The term “therapeutic” in TJ refers more broadly to improving psychological or behavioural health and wellbeing of people impacted by the law.  At its heart of wellbeing is the concept of human dignity.  TJ does not seek to turn judges into therapists or for courts to require people to do therapy.  TJ respects law and due process.

So what guides TJ practice in our courts?  Click here for a handy TJ Practices infographic: istj-tj-in-courts-infographic

Therapeutic Jurisprudence practice in our courts & tribunals respects the law and due process and is:

Procedurally Fair

Legal actors – judiciary, lawyers, prosecutors, court staff – give voice to participants, show respect, build trust through an ethic of care, ensure participant understand processes and decisions & try to be helpful (Reference) (Reference)


Legal actors motivate engagement & behavioural change to improve the wellbeing of people & communities / Value dignity, agency & self-determination of participants / Use active listening, dialogue & other evidence based tools & techniques / Work in a multi-disciplinary way with non-legal supports (Reference) (Reference)

Trauma Informed

Legal actors – Understand the impacts of trauma / Apply trauma informed practices – consistency, trustworthiness, choice, collaboration, empowerment / Understand ‘difficult’ behaviour as maybe a coping or self-protection mechanism; Take a strengths-based approach (Reference 1) (Reference 2)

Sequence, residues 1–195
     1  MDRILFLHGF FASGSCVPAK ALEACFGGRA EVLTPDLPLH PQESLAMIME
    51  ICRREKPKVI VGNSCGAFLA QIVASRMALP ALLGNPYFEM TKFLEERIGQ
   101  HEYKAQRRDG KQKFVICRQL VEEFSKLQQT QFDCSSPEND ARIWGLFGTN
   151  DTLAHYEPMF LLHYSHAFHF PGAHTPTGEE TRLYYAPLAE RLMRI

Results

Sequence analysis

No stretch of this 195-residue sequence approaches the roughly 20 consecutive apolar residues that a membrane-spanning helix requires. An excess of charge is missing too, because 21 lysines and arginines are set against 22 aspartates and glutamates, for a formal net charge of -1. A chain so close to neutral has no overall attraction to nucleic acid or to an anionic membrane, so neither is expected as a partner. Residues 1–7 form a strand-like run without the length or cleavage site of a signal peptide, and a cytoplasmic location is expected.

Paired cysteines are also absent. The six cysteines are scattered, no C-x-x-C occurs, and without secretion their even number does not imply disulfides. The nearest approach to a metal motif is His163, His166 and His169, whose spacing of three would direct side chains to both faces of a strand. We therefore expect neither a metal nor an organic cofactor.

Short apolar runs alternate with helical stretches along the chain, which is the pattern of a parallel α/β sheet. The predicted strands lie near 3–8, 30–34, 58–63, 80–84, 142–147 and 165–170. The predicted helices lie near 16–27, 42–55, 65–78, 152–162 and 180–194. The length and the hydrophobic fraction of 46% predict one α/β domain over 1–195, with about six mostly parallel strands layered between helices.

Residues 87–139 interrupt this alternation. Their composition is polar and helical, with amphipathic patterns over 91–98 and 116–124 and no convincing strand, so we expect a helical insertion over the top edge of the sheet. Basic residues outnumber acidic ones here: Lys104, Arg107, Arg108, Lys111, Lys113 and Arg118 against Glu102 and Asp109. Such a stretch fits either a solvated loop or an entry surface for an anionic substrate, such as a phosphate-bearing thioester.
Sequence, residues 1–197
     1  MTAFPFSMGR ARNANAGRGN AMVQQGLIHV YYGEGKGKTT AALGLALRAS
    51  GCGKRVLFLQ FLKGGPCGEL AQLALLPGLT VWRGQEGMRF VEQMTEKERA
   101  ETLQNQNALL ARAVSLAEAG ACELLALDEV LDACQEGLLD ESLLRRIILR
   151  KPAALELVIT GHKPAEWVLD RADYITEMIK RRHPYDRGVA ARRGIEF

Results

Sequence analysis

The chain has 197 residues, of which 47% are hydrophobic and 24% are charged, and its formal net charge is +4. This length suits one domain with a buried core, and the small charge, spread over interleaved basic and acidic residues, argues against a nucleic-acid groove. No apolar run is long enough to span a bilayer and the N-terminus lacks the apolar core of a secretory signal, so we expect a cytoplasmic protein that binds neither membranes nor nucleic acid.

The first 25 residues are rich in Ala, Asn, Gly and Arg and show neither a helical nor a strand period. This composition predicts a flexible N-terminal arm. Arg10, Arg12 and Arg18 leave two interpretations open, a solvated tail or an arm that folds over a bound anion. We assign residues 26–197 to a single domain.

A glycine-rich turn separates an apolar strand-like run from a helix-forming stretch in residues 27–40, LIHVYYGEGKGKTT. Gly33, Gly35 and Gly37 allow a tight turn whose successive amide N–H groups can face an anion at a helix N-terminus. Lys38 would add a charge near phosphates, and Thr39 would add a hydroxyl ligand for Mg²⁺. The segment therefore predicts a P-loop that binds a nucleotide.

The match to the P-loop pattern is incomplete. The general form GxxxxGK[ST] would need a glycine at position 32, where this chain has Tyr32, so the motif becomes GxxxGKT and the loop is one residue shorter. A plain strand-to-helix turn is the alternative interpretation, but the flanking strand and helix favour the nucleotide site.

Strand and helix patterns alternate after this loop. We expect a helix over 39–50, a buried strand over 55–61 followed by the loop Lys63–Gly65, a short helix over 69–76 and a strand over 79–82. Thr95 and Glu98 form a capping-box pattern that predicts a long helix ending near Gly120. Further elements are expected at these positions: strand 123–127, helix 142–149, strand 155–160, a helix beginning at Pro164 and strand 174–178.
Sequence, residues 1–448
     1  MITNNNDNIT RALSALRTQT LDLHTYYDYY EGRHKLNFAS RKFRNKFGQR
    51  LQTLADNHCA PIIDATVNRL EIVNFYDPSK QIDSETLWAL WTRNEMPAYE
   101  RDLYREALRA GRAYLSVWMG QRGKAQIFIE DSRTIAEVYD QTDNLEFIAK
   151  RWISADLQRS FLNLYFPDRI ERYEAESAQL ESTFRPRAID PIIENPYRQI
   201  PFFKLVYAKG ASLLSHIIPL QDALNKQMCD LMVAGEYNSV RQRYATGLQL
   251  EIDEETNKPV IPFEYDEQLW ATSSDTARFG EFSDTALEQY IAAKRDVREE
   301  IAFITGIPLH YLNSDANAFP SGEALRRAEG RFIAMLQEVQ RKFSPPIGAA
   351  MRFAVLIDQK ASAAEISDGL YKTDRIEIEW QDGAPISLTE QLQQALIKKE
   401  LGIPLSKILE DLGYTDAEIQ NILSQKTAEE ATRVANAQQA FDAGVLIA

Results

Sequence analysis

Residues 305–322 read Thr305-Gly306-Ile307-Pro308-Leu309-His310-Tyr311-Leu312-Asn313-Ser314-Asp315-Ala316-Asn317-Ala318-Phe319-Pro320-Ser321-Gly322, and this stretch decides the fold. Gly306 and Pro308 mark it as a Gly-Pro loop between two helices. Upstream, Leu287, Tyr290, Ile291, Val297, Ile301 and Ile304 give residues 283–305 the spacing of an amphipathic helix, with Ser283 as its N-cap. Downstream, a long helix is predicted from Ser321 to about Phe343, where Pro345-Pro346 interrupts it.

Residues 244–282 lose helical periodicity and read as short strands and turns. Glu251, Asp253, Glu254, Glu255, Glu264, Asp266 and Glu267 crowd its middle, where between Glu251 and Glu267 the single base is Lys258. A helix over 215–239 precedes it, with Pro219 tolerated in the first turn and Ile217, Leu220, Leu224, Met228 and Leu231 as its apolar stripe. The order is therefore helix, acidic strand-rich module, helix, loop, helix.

Person Centred

Programs are designed with the needs & lived experience of participants at the centre. Lawyers support their clients to make their own decisions (supportive decision making).


Legal actors – Understand & are respectful of First Nations culture (Reference) / Recognise, respect & support people with lived experience of disability (Reference) / Understand & are respectful of Diversity (Reference LGBTIQ+ inclusive language guide); (Reference – LGBTIQ+ Legal Needs Analysis);  Reference Judicial Council on Cultural Diversity)  

Respectful of human rights

Human dignity is upheld through the application of human rights principles (Reference – human rights generally) and (Reference – human rights TJ and desistance from offending)


Legal actors endeavour to understand & alleviate challenges faced by court participants / A compassionate approach also supports the wellbeing of legal actors (Reference)


TJ is interdisciplinary.  A TJ approach provides a bridge between the law and legal systems to the social sciences.  TJ practices are drawn from other relevant disciplines. As knowledge evolves in other disciplines it can be translated into new TJ practices.  For example in addiction recovery more recent research has shown that the stigma or shame of substance abuse can be a barrier to a person seeking or sticking with treatment and that stigma can be reduced by being careful about how we talk about substance abuse. This social science knowledge has been translated to a TJ practice in some courts where judges choose to use non-stigmatising language when talking to a person in court about about substance abuse e.g. using the term “unclear” test rather than a “dirty” or “unclean” test.  So the evolving state of knowledge in addiction recovery has led to a new TJ practice. (Resource: “The TJ Vineyard”)